The kidnapping may be merely a means to achieve an end

Typically, a kidnapping occurs when someone forces, intimidates, or uses violence against someone else, with the intent to move them from one place to another, and without their consent. A kidnapping that occurs during the commission of a carjacking maybe, however, unplanned and purely based on the circumstances and the kidnapping may be merely a means to achieve an end.

Kidnapping during the commission of a carjacking is a form of aggravated kidnapping, which involves the commission of another crime – carjacking — as the target offense. Therefore, the punishment for this offense is more serious than for simple kidnapping which means that a conviction for this offense subjects you to more severe penalties.

An incident which occurred in Florida last fall exemplifies the crime of kidnapping during the commission of a carjacking.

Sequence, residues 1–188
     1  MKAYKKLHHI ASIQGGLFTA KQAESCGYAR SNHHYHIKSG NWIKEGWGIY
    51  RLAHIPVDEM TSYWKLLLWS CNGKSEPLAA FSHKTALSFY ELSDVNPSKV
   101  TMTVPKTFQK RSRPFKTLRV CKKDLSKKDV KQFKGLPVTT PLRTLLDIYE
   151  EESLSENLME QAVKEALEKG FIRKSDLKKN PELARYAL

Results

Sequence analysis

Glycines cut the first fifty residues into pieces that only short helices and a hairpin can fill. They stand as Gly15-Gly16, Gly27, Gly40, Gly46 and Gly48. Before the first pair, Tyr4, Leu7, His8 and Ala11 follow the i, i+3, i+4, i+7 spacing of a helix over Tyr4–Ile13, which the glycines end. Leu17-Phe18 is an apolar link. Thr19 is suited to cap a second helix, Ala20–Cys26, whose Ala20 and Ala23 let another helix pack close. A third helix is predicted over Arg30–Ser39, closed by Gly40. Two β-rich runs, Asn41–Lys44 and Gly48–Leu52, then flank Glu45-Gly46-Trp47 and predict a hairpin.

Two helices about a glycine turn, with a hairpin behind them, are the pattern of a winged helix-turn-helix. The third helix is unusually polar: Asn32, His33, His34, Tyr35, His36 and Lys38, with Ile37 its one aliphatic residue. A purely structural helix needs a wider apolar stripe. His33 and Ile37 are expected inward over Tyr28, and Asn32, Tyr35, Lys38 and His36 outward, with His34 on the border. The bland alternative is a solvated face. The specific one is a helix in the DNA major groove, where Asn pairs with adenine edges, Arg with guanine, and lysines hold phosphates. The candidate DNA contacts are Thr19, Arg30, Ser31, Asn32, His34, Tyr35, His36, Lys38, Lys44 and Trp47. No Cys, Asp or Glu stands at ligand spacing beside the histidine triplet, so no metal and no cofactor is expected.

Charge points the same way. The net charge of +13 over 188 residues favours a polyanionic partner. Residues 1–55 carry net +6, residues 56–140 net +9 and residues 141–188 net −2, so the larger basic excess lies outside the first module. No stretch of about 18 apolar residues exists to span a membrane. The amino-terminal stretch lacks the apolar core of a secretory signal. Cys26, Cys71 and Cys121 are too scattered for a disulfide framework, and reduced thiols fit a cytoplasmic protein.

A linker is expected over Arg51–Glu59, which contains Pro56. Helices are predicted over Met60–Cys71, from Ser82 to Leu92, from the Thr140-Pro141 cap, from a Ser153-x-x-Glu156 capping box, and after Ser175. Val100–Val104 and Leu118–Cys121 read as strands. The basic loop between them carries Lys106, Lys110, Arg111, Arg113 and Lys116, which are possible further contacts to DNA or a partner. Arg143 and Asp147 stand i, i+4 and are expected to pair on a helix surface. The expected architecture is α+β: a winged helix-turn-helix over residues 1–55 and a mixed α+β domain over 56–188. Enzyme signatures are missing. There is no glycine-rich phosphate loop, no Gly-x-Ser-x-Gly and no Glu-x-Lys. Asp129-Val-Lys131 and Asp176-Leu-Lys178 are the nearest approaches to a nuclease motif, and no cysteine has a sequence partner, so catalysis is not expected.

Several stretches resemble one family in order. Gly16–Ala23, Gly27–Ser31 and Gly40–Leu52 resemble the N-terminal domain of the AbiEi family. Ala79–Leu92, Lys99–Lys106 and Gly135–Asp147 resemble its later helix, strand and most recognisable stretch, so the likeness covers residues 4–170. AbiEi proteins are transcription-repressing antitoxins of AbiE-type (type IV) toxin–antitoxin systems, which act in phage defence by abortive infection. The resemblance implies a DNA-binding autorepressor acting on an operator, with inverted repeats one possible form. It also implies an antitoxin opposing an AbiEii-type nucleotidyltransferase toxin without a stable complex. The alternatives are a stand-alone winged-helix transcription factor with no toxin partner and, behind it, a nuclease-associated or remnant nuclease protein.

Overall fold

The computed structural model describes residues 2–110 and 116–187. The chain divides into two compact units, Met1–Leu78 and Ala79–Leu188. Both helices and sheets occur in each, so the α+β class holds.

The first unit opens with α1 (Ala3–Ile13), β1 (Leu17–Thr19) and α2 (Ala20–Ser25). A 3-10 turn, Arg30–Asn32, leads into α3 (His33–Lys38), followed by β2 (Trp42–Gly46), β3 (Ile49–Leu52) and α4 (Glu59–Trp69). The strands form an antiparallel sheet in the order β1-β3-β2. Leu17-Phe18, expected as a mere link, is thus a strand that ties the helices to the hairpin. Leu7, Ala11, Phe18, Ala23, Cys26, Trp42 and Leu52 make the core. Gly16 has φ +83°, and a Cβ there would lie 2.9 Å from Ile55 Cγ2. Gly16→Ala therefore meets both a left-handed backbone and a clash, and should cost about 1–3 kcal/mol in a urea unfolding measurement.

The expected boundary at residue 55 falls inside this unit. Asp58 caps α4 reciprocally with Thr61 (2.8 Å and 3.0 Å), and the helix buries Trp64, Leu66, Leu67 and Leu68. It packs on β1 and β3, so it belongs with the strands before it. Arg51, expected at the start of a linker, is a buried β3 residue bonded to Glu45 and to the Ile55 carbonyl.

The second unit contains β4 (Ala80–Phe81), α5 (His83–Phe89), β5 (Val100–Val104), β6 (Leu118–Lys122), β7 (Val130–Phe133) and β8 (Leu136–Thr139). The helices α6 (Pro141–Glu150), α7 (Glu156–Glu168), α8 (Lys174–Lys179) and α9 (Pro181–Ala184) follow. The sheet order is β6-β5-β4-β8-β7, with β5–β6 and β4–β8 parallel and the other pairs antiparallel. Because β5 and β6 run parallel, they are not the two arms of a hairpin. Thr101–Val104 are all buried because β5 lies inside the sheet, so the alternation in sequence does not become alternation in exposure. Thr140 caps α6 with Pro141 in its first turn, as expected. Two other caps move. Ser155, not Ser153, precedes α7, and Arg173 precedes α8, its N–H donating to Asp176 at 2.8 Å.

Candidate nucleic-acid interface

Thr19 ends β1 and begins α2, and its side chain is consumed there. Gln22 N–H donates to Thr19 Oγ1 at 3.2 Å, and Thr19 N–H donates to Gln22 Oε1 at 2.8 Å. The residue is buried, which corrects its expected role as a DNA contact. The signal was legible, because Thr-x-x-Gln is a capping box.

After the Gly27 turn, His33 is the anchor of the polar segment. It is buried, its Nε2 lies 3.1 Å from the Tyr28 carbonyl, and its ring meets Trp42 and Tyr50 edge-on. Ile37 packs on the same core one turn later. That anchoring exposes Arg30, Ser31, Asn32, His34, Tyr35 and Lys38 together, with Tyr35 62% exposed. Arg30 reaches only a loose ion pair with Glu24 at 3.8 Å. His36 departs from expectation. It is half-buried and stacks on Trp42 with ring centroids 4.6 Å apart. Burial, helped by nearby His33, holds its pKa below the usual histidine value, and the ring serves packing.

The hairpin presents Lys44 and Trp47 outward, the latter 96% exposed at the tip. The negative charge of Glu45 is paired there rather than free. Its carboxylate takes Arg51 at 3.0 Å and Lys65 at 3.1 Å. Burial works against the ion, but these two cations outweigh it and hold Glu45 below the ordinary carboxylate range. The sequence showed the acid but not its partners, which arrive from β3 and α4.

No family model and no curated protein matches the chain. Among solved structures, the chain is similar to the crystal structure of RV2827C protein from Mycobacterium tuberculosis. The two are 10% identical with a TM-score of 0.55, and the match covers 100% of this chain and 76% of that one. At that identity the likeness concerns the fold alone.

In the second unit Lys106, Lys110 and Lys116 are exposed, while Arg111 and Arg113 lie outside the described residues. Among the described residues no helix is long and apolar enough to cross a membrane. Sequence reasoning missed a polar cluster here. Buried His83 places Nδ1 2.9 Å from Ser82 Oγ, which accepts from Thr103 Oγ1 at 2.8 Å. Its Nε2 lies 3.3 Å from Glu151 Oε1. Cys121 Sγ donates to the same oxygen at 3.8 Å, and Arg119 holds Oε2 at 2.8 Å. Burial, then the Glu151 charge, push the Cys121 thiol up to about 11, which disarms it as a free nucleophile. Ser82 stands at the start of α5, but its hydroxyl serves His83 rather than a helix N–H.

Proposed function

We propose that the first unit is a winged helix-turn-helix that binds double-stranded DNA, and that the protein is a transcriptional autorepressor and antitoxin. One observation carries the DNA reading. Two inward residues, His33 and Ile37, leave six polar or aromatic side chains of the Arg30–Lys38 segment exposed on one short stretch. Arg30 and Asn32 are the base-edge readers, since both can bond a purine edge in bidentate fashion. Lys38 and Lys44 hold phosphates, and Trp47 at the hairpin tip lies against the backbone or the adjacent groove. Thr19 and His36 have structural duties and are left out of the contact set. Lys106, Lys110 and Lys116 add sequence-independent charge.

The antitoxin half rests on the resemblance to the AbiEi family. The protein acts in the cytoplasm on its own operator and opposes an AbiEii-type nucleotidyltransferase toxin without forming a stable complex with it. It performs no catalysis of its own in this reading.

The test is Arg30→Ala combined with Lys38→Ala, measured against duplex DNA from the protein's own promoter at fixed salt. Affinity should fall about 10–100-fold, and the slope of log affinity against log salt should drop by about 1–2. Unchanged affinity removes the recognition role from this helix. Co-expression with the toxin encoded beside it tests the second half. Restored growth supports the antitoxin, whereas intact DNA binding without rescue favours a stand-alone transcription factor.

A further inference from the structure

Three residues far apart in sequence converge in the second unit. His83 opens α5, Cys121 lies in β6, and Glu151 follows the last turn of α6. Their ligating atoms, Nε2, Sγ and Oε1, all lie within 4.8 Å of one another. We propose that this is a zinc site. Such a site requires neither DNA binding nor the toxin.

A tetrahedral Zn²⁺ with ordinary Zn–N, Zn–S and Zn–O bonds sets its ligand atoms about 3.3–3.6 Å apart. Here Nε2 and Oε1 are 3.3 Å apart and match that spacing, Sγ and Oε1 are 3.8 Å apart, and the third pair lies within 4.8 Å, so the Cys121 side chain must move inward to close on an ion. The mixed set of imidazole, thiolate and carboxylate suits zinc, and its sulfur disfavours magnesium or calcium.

Daytona Beach police reported that a fleeing burglary suspect ran through Bethune-Cookman University’s campus and came upon a woman sitting in a car with her 1-month-old.

Police Chief Mike Chitwood said the suspect forced the woman to get out and wouldn’t let her take her baby with her. Officers chased the suspect until he crashed into a parked dump truck. The baby was not injured.

How Kidnapping During the Commission of Carjacking is Defined

Under Penal Code section 209.5, kidnapping during the commission of carjacking entails the act kidnapping a person to facilitate the commission of the carjacking. Pen. Code 209(b) provides that the requirements of the offense include that the defendant use force or fear to move the victim a substantial distance. Force or fear means that the defendant either used actual physical force upon the alleged victim to move the victim or physically threatened the victim and/or the victim’s family. The movement must have been more than merely brief and incidental to the commission of the carjacking.

Kidnapping during the commission of a carjacking is a violent felony. A defendant convicted of Penal Code 290.5 PC, will not only face life in prison with the possibility of parole, but will also have a “strike” on their record under to California’s three strikes law. As a three strikes case, a conviction also means that those convicted must serve at least 85% of their sentence before they will be eligible for parole.

Daniel R. Perlman
The Law Offices of Daniel R. Perlman
http://www.danielperlmanlaw.com